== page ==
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Image of a syphilitic head from Marco Aurelio Severino’s
De recondita abscessuum natura, libri VIII (Frankfurt, 1643), p. 253.
This illustration, taken from Worth’s copy of Marco Aurelio Severino’s De recondita abscessuum natura, libri VIII (Frankfurt, 1643), shows a syphilitic head, where the nose has been eaten away in the tertiary stage of syphilis. What frightened early modern victims of syphilis was not only the unpredictable nature of the disease, which was most infectious when it seemed most innocent, but the horrendous symptoms that accompanied both the disease, and, indeed, its treatment.
For the early modern physician it posed a number of significant challenges. In order to successfully treat the disease they had to determine its cause and how this new scourge fitted into the established hippocratic and galenic medical lore. The symptoms of ‘this skulking poison’, as François Calmette, author of another work collected by Worth calls it, were many and confusing. In the words of Calmette:‘This Distemper is thought difficult to be known, when but few of the said Symptoms appear; but far more difficult, when it imitates the Symptoms of other Distempers; as when there are Ophthalmies, Blindness, Deafness, Ringing in the Ears, a Vertigo; then some expert Physician ought to be consulted, that may discover the Distemper, examine the Patient about past Diseases, whether he had had a Gonorrhaea, Bubo, &c. and what Remedies he has used: Thus a skilful Physician shall find out where the cunning Enemy lurks, and not throw uncertain Darts. From what has been said it is manifest, that the Pox is not one Distemper, but several Evils together, that leave no part of the Body untouch’d and no Action undisturb’d.’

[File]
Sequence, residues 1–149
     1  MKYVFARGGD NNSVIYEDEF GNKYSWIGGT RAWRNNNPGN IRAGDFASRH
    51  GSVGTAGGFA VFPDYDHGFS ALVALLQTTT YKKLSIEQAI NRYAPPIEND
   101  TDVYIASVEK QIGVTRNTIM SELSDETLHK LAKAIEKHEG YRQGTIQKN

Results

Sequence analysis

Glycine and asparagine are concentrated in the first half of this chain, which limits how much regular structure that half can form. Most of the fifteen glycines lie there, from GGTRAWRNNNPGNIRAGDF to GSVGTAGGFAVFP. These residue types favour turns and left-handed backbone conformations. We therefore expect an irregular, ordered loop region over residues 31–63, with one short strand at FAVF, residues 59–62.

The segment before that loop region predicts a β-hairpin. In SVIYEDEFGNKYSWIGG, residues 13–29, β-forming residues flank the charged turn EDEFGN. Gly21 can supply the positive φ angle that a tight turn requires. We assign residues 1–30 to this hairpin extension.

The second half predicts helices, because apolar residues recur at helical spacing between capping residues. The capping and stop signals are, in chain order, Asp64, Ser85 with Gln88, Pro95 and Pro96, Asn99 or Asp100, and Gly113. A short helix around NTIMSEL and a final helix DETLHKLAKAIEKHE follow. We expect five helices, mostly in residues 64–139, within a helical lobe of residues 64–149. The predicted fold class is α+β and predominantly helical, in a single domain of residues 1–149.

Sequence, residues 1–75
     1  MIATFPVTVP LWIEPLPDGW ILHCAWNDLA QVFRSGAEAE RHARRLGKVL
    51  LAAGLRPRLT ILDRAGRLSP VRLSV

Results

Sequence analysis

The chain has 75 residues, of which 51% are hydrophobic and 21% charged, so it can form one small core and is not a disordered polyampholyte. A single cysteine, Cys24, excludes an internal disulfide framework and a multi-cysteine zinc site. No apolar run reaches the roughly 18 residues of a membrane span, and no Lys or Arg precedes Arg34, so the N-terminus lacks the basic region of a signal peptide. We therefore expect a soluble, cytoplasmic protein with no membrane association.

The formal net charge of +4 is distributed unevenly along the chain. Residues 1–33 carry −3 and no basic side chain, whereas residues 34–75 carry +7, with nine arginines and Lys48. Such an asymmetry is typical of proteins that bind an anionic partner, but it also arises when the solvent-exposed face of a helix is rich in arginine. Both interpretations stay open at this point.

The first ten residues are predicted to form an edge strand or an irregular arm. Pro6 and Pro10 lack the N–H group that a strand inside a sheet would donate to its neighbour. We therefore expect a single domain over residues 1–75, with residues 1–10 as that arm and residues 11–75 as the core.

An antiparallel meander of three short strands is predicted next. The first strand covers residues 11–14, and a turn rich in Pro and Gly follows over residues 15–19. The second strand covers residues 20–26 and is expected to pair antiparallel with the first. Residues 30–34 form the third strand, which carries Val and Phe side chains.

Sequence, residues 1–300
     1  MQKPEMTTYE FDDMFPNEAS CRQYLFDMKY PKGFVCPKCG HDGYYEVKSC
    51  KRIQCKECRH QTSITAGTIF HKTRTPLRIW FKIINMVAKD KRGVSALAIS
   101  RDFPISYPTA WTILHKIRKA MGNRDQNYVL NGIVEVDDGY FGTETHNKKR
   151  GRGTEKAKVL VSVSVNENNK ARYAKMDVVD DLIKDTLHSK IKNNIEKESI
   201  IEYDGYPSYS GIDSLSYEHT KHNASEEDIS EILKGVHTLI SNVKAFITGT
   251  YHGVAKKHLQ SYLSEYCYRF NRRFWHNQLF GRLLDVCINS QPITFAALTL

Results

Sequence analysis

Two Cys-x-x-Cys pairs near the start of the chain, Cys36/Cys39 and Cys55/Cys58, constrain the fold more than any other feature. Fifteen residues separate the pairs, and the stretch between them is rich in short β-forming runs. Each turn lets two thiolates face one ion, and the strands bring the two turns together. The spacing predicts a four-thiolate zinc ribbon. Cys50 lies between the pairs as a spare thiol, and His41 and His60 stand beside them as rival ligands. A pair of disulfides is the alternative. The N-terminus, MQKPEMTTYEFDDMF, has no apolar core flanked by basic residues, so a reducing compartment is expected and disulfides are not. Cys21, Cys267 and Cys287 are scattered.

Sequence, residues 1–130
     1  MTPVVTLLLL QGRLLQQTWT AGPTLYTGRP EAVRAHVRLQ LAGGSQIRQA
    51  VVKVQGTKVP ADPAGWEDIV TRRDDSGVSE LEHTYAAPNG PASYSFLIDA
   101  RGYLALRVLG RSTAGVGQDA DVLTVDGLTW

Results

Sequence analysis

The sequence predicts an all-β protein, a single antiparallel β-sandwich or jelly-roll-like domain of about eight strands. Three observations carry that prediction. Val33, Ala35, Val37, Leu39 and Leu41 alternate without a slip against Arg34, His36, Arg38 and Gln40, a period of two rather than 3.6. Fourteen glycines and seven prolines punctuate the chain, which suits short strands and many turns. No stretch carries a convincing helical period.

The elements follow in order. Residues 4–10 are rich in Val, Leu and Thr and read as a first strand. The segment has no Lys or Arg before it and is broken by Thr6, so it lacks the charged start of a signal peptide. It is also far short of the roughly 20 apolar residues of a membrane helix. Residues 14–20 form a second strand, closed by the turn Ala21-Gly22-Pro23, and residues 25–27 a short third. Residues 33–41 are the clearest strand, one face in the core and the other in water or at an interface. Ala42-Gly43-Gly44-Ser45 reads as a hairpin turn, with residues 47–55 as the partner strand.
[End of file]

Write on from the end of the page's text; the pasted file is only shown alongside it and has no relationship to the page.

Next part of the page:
Calmette, Riverius reformatus (London, 1706), p 468.
Brown (2006) explains that syphilis has three stages:
Primary syphilis has no visible symptoms – a useful characteristic for the aspiring bacterium as it ensured that prospective sexual partners would not be alerted to the sexual health of each other until it was too late. Such symptoms as were present, such as chancres on the genitals, might wear off without treatment, leaving the sufferer much relieved that these small painless ulcers had disappeared. In some case, particularly in women, the chancres might form internally and so be undetected by the woman herself. Disturbing though these symptoms were they were mild and thus gave the sufferer no indication that their presence was a sign that the disease was at its most infectious.
Secondary syphilis witnessed the development of a rash all over the body, often accompanied by fever, headaches and pain, particularly in the bones. Sometimes the patient might suffer from hair loss but again after a few weeks all would seem well: the symptoms would disappear though not the infectious state.
Tertiary syphilis saw the bacterium finally reveal its true strength. It might only develop in one third of the sufferers and it might take years to develop, but once it did it was horrendous: Gumma, small tumours would form on bones, producing effects like the illustrated syphilitic head. The nervous system would be attacked, affecting coordination and the brain would be attacked, leading to insanity.
It is clear from the reports in Worth’s copies of Luigini’s famous compilatory work that the symptoms of the initial syphilitic outbreak in Europe were particularly acute and the movement from primary to tertiary much faster. Knell (2004) quotes Ulrich Von Hutten’s personal account of his own sufferings (an account summarised in Worth’s copy of Luigini):‘…truly when it first began, it was so horrible to behold that one would scarce think the Disease that now reigneth to be of the same kind. They had Boils that stood out like Acorns, from whence issued such filthy stinking Matter, that whosoever came within the Scent, believed himself infected. The Colour of these was of a dark Green and the very Aspect as shocking as the pain itself, which yet was as if the Sick had laid upon a fire.’
As Quétel (1990) argues, the initial catastrophic stage lasted a mere 5-7 years. Exactly why the infection became less virulent so quickly is unknown but certainly by the time Luigini was publishing his collection of treatises on syphilis it was clear that the ferocity of the early symptoms had changed and ameliorated over time.